As anyone who uses the Google Play Store knows, there are many apps from all different languages available to practically anyone, regardless of the country they live in. But of course, if you can’t read the description, then how will you know what the app is about, and if it’s worth downloading?
Google has been struggling with this since they launched the Play Store. As the web continues to become a more globalized entity, translation is becoming more and more necessary. Google Translate has already been a popular online tool for fast (albeit, not completely accurate) translation, and it seemed only natural for Google to get around to adapting the technology to the app store. It seems, however, they have started doing this with increasing regularity for their apps.
If you land on an app listing in another language, you might see the Translate bar right above the description. It will read, “Translate the description into [LANGUAGE] using Google Translate?” In this example [LANGUAGE] is replaced by whatever your default language happens to be. If you click the translation option, the bar then reads, “Translate the description back to [LANGUAGE].” Here, [LANGUAGE] is the original one the description was created in.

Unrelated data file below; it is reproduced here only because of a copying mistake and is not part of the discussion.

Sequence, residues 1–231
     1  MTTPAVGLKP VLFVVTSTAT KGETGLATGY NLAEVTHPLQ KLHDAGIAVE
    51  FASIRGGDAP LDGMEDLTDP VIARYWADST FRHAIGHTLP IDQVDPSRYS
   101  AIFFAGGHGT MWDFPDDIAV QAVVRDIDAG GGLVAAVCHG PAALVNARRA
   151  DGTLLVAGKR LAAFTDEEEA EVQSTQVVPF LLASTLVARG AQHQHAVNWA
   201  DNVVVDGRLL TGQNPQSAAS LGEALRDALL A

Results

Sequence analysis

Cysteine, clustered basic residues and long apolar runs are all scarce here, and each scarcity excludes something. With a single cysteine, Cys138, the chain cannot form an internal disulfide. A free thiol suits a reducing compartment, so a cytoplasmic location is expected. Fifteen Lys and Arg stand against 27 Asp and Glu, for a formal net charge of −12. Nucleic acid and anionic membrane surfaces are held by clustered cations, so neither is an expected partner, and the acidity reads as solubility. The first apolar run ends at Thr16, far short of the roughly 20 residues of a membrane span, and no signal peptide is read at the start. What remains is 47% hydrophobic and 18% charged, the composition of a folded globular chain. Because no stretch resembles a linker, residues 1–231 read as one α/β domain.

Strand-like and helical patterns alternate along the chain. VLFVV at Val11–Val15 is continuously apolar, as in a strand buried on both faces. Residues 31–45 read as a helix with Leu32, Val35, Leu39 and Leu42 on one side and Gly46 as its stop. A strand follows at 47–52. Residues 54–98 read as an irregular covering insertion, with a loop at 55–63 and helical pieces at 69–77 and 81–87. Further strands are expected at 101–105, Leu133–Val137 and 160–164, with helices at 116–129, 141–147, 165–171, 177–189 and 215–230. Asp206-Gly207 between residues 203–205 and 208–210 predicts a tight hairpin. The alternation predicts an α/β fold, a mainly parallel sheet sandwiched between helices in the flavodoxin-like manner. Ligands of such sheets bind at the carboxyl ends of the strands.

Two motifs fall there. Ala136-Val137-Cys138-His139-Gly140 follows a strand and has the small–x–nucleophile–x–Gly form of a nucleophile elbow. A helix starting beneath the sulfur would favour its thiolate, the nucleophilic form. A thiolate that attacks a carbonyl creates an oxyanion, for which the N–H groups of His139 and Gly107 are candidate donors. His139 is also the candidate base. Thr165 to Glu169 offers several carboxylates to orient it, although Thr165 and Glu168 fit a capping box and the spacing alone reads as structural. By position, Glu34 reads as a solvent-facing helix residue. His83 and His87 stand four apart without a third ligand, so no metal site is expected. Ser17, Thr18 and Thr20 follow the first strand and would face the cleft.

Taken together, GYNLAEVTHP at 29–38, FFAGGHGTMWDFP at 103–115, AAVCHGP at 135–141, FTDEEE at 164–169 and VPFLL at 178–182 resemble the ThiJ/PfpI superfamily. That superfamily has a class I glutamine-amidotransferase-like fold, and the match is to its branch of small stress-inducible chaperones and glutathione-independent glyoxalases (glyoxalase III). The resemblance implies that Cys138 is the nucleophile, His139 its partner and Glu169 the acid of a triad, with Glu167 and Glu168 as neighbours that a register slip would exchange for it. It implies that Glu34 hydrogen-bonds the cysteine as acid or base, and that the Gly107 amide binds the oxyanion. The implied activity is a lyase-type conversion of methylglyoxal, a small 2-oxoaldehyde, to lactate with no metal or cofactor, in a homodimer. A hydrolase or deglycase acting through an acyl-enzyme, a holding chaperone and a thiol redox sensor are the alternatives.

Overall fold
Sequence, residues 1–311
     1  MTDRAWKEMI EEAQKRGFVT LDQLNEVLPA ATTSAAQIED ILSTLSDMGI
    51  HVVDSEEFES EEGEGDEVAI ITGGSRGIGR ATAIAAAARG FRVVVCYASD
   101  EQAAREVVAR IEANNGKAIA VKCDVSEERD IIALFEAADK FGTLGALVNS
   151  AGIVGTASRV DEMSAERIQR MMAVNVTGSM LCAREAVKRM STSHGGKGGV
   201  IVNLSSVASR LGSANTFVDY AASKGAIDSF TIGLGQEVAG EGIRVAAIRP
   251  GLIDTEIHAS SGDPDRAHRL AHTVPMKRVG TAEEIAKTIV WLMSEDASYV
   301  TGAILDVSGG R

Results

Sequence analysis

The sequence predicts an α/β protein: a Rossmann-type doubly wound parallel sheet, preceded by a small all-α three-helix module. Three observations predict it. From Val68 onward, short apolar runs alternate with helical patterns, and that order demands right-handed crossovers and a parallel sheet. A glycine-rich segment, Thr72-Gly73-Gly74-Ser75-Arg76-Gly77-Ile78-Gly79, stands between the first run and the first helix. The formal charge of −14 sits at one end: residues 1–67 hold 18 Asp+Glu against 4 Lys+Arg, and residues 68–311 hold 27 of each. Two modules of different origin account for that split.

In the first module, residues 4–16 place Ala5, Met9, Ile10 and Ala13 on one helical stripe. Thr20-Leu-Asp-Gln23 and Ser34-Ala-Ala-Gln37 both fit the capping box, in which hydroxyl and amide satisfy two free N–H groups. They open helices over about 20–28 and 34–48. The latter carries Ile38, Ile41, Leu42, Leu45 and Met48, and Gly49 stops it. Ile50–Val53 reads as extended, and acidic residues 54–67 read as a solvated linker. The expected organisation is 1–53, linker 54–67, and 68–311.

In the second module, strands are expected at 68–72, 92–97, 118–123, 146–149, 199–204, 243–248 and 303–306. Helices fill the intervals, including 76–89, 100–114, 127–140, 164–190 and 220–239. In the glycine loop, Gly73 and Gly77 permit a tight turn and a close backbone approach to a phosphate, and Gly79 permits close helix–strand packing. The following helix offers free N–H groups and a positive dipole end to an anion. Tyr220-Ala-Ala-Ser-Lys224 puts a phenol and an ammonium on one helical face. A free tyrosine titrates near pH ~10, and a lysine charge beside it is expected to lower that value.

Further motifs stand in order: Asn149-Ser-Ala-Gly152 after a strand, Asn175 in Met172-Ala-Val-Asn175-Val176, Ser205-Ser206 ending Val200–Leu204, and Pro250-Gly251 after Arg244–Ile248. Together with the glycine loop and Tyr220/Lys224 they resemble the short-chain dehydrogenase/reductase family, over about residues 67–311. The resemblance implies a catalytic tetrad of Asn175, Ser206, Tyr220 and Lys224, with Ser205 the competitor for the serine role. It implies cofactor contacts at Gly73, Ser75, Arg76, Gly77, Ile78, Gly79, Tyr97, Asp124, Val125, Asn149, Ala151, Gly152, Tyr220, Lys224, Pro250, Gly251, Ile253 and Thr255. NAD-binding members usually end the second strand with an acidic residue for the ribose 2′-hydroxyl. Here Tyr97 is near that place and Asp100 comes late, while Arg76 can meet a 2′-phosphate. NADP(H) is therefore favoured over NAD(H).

The Play Store app started doing this back in November, but this is the first time we’ve noticed the option showing up as part of the Play Store online. Chrome users are probably used to Google Translate bars popping up from time to time, but this change makes the store more usable for users of any browser.
However, once again, this is utilizing machine translation so the results are not always going to be that accurate, especially for most non-European based languages.
That is why Ackuna is especially helpful for app developers to provide accurate, human-translated content right off the bat. By utilizing Ackuna, app creators don’t have to rely on a machine-base translation supplied by Google Play to reach out to more language groups. They can simply upload their files to Ackuna, and receive back crowdsourced human translations for free, before submitting their apps to Google Play. This ensures a level of quality not available from Google Translate.